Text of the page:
Lastly, Judge Hey determined that Petitioner's claim for relief based on the ineffective assistance of trial counsel was meritless. Petitioner based his claim on counsel's failure to inform Petitioner that his state sentence could not run concurrently with a federal sentence. As discussed supra, Petitioner's claims do not amount to a violation of due process. Moreover, the ineffective assistance of counsel claim was unexhausted and procedurally defaulted. (R & R at 28-29.)
Specifically, Judge Hey stated that Petitioner never raised an ineffectiveness claim in the courts. (R & R at 29.) In Petitioner's amended petition, he argues that the state appellate court did address the merits of an ineffectiveness claim when it stated that "'[t]he fact that the sentencing court erred in believing it could order [Petitioner's] state sentence to run concurrently to his federal sentence, and [Petitioner's] guilty plea attorney similarly erred are, unfortunately for [Petitioner], not errors we can correct . . . .'" (R & R at 30) (quoting Pennsylvania v. Peppers, No. 1522 MDA 2004, at 8 (Pa. Super. Ct. Sept. 6, 2005)). Judge Hey noted that the appellate court made that statement "in the context of addressing Petitioner's claim that the Lancaster County plea agreement constituted an enforceable contract between him and [Pennsylvania]." (R & R at 30.) Judge Hey further observed that the appellate court at no time recognized or addressed an ineffectiveness claim. (R & R at 30.)
According to Judge Hey, Petitioner's failure to exhaust his state court remedies is excused in this case, pursuant to 28 U.S.C. § 2254(b)(1), because Petitioner is now time-barred from raising this issue in state court. (R & R at 30.) Judge Hey also found that claims exhausted as a result of a state procedural bar are procedurally defaulted, and may not be considered by a federal court unless the Petitioner demonstrates that "cause and prejudice" or a "fundamental miscarriage of justice" excuse the default. (R & R at 31) (citations omitted). Here, Judge Hey held that Petitioner did not explain his failure to raise his ineffectiveness claim earlier or show prejudice or actual innocence. Thus, he did not demonstrate "cause and prejudice" or a "fundamental miscarriage of justice." (R & R at 31-32.)*fn3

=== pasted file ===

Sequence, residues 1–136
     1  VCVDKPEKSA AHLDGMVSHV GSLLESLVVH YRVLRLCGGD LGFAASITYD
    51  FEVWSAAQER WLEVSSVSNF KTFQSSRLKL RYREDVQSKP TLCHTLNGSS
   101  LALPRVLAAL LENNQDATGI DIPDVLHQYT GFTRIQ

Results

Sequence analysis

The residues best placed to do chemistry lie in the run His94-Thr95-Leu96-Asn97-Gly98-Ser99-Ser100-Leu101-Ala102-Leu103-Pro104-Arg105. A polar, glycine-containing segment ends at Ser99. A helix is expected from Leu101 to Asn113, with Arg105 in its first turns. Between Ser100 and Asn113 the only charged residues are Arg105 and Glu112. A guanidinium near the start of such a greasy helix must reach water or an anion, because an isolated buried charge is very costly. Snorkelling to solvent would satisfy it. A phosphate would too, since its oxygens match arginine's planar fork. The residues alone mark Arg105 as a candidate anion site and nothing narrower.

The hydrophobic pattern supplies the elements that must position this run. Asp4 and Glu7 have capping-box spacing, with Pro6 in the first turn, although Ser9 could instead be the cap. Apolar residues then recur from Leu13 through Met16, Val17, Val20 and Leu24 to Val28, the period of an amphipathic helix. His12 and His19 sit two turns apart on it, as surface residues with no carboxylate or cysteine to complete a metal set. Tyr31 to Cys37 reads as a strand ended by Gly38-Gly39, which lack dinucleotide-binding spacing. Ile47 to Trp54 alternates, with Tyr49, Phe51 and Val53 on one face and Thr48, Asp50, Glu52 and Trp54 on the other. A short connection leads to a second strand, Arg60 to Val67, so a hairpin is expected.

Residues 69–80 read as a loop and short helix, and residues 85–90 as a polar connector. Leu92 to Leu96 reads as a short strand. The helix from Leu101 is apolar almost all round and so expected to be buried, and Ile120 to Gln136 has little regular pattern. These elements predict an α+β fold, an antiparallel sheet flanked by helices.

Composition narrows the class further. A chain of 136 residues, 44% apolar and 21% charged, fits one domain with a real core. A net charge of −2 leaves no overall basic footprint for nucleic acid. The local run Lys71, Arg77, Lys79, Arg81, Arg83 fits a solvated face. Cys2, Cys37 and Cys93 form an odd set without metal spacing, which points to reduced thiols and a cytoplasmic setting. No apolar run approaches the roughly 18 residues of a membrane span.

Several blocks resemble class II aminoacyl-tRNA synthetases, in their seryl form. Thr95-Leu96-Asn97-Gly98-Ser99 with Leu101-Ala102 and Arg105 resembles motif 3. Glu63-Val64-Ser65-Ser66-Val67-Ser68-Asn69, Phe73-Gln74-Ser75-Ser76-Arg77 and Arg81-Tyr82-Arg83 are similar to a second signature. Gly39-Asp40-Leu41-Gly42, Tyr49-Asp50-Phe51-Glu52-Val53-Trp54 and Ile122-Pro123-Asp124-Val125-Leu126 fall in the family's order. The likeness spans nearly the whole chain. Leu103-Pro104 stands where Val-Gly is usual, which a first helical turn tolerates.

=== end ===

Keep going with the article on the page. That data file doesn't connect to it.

Petitioner largely objects to Judge Hey's Report and Recommendation by restating the claims for relief and information included within his amended petition. Petitioner's only contentions that the Court could possibly characterize as new objections are: (1) that Judge Hey's conclusion that Petitioner entered a guilty plea voluntarily, knowingly, and intelligently was erroneous because the Judge neglected to take into account the statements the prosecution and the court made during the guilty plea and sentencing hearings, (Pet. Obj. at 7-10); and (2) that he has established cause and prejudice excusing the default of his ineffective assistance of counsel claim, (Pet. Obj. at 18-19).
The Court holds that Petitioner's first argument is erroneous. It is clear from the report and recommendation that Judge Hey examined the events which culminated in the Petitioner's guilty plea thoroughly and in concert. Moreover, a de novo review of Judge Hey's report and the record corroborates Judge Hey's conclusion that any assurances made to the Petitioner regarding the running of his state sentence concurrent with a federal sentence were predicated upon the Petitioner serving a federal sentence at the time the guilty plea was entered. Petitioner was not serving a federal sentence at that time. ...